Is Kathy Gilbert a journalist?
The answer to that question may determine whether attorneys from Metro Nashville's Department of Law can force Gilbert and her employer, United Methodist Communications, to turn over unedited video footage from an interview Gilbert conducted in July 2008 with Juana Villegas.
Villegas, an undocumented alien from Mexico, is suing the city in federal court over her detention for driving without a license on July 3, 2008 and subsequent treatment. Nine months pregnant at the time of her arrest, she went into labor in her cell two days after her arrest. Davidson County Sheriff's Office personnel transported her to General Hospital, where they shackled her to her bed for much of the time before and after she gave birth to a son.
On July 29, 2008, Gilbert and another UMC staffer posted an article based on the interview with Villegas. She is quoted as tearfully recounting her experience. The report highlighted the efforts of Justice For Our Neighbors, a network sponsored by the United Methodist church, in advocating for humane treatment of persons found to be in the U.S. illegally.
Metro attorney Kevin Klein sent UMC a subpoena earlier this month, seeking a copy of "the entire, unedited video interview" with Villegas. UMC, represented by Joel Eckert of Bradley Arant Boult Cummings LLP, filed a motion on Wednesday to quash the subpoena. In an accompanying memorandum, it invokes a state law meant to protect journalists from being dragged into court as witnesses. UMC argues as follows:
This interview is entitled to the privilege set forth in the Tennessee Shield Law because United Methodist Communications is "news or media" and the video interview is the kind of information that is protected by the Shield Law. United Methodist Communications is "news media or press" under the Shield Law by virtue of the fact that its purpose is the dissemination of information to both the denomination and the general public, a purpose that accomplishes by the use of multiple media to create print, online, and video stories.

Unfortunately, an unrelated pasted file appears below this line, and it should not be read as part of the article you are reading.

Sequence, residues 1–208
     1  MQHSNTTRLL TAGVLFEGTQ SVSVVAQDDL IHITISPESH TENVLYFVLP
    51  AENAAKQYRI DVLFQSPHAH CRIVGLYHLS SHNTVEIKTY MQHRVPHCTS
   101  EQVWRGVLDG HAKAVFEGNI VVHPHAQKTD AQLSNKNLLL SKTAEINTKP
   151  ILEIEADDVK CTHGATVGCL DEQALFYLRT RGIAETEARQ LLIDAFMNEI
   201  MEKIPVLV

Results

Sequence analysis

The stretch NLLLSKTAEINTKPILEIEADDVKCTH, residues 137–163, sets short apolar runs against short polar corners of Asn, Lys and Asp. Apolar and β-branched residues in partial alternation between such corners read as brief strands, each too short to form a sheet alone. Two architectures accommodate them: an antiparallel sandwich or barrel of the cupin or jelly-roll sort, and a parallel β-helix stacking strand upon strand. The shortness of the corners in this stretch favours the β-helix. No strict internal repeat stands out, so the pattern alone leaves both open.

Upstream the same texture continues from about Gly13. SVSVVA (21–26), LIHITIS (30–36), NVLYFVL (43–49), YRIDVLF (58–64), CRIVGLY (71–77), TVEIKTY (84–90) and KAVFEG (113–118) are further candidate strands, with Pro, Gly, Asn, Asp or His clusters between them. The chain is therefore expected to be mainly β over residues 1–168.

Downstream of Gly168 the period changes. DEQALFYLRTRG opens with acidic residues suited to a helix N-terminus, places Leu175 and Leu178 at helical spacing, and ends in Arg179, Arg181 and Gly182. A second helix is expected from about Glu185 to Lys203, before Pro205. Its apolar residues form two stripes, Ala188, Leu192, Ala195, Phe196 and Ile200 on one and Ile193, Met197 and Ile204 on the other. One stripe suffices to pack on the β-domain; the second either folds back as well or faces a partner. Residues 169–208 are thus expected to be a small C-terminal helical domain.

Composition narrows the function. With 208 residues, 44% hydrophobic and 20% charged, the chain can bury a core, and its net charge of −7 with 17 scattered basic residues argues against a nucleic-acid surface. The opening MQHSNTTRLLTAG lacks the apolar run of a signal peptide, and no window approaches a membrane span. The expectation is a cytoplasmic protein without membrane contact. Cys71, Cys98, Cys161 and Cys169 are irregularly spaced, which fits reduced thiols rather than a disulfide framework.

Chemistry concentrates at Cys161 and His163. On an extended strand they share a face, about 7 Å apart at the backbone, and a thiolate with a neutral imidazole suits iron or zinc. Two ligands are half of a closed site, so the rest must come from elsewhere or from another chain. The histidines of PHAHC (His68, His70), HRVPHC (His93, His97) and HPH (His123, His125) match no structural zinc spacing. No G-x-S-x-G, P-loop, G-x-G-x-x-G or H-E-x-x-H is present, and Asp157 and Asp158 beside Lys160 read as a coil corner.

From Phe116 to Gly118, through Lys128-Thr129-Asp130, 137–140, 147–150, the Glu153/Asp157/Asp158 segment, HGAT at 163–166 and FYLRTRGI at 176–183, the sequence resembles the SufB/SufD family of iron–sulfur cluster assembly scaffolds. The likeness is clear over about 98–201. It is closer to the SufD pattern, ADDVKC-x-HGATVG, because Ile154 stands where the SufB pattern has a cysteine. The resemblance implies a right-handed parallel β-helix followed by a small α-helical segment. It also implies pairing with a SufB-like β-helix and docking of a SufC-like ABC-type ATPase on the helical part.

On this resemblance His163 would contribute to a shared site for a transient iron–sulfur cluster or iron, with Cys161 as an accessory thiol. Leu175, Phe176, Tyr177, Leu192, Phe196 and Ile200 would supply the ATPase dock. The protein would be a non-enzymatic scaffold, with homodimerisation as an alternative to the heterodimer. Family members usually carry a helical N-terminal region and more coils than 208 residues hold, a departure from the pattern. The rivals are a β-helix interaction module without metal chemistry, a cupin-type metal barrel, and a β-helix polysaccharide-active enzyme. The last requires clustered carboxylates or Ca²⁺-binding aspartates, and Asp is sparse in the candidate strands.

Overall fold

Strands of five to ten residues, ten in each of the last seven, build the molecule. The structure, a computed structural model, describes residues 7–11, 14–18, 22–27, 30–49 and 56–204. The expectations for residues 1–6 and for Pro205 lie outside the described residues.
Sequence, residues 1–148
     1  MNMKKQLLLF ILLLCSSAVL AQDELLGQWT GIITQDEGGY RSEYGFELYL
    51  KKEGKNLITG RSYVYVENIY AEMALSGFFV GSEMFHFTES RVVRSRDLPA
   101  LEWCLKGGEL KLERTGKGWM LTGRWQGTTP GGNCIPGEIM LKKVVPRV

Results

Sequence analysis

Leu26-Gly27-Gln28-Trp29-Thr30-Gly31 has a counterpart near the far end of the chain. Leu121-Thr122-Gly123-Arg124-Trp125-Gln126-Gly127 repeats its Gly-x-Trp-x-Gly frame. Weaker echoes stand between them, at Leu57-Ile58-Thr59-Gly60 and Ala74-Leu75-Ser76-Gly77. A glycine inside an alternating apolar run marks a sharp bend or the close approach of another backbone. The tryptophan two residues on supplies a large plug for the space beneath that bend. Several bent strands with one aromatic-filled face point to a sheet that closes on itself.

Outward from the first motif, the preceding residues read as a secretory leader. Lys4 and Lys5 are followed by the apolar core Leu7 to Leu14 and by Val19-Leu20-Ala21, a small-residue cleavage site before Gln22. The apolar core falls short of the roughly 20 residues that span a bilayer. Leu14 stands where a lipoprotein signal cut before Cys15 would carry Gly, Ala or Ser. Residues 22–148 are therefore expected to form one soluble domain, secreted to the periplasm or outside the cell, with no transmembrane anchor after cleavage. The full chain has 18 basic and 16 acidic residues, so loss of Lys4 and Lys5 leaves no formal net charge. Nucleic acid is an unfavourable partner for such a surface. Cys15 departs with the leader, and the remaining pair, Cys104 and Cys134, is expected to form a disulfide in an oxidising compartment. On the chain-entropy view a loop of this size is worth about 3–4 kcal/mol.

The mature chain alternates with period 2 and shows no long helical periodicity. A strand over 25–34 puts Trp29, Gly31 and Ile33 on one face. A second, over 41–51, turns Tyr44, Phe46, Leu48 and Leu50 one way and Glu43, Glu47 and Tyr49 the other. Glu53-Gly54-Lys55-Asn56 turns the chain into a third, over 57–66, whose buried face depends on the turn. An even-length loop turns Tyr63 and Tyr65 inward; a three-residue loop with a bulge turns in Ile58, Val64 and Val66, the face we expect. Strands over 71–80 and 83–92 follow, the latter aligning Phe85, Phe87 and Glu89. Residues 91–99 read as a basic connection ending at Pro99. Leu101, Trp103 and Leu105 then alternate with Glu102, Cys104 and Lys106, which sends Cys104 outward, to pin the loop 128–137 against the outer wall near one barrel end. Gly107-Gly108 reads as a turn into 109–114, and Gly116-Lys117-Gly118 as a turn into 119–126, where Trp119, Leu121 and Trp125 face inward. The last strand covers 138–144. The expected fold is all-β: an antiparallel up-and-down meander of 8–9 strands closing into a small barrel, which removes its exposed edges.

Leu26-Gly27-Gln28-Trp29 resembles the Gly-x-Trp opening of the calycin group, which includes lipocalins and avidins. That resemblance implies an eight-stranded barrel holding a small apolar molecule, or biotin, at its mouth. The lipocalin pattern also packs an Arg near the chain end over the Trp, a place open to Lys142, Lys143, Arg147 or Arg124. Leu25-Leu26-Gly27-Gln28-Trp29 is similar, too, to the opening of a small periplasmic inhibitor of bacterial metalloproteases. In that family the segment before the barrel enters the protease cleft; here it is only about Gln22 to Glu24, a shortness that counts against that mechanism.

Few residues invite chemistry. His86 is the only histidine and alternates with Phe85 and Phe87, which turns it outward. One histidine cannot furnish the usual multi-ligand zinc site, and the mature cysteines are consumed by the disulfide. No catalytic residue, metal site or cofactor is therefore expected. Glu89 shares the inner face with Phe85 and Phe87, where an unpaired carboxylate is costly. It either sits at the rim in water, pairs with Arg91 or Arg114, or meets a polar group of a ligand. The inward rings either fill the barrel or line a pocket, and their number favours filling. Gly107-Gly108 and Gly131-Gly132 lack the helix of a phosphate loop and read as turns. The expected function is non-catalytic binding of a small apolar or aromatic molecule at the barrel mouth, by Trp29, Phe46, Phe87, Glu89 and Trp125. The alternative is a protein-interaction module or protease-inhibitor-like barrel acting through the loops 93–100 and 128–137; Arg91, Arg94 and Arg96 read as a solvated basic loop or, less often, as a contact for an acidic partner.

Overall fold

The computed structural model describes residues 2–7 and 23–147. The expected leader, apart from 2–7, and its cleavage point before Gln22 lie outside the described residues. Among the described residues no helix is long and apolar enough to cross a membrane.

The memorandum discusses at length the reasons UMC claims that Gilbert is a journalist, as defined by the law. Doug Pierce, a King and Ballow attorney not involved in the case who is currently serving as president of the Tennessee Coalition for Open Government, told NashvillePost.com that UMC's reasoning looks sound to him.
"A lot of courts across the country have correctly recognized that if a person is out there trying to gather information so they can widely disseminate it, then that person probably is a journalist entitled to the shield law's protection," Pierce said.
Metro Legal Associate Director Jim Charles said yesterday that he had not yet seen the UMC filing and could not comment on its assertions, but that Metro will file a response soon. "We'll put it before the court, and the court will decide," Charles said. "We're just trying to get discovery done here."
The U.S. District Court docket for the Villegas lawsuit states that during a settlement conference in May, "the parties made substantial progress toward a potential resolution of the matter" but that "several items remain which require further discussion." The record does not reflect whether settlement talks have continued, but later in May, Judge William J. Haynes Jr. set a trial date of March 1, 2011.